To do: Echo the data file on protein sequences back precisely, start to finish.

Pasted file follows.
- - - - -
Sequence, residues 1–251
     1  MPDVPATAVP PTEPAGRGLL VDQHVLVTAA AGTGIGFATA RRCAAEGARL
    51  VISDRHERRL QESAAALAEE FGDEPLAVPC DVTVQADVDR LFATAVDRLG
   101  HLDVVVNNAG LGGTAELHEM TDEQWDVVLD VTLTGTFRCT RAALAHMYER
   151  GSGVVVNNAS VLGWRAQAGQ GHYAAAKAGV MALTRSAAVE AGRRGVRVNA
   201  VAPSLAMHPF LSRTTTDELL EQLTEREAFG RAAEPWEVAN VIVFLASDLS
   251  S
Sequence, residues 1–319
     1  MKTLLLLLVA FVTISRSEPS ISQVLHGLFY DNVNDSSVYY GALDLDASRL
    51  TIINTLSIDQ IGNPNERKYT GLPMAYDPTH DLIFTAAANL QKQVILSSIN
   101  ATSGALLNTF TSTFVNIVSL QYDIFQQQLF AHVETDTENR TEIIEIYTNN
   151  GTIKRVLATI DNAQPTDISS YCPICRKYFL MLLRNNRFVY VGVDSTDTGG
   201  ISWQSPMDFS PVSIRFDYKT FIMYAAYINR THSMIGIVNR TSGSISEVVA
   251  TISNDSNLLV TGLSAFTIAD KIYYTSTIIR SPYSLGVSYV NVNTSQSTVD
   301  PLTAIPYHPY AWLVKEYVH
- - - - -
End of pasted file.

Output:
Sequence, residues 1–251
     1  MPDVPATAVP PTEPAGRGLL VDQHVLVTAA AGTGIGFATA RRCAAEGARL
    51  VISDRHERRL QESAAALAEE FGDEPLAVPC DVTVQADVDR LFATAVDRLG
   101  HLDVVVNNAG LGGTAELHEM TDEQWDVVLD VTLTGTFRCT RAALAHMYER
   151  GSGVVVNNAS VLGWRAQAGQ GHYAAAKAGV MALTRSAAVE AGRRGVRVNA
   201  VAPSLAMHPF LSRTTTDELL EQLTEREAFG RAAEPWEVAN VIVFLASDLS
   251  S
Sequence, residues 1–319
     1  MKTLLLLLVA FVTISRSEPS ISQVLHGLFY DNVNDSSVYY GALDLDASRL
    51  TIINTLSIDQ IGNPNERKYT GLPMAYDPTH DLIFTAAANL QKQVILSSIN
   101  ATSGALLNTF TSTFVNIVSL QYDIFQQQLF AHVETDTENR TEIIEIYTNN
   151  GTIKRVLATI DNAQPTDISS YCPICRKYFL MLLRNNRFVY VGVDSTDTGG
   201  ISWQSPMDFS PVSIRFDYKT FIMYAAYINR THSMIGIVNR TSGSISEVVA
   251  TISNDSNLLV TGLSAFTIAD KIYYTSTIIR SPYSLGVSYV NVNTSQSTVD
   301  PLTAIPYHPY AWLVKEYVH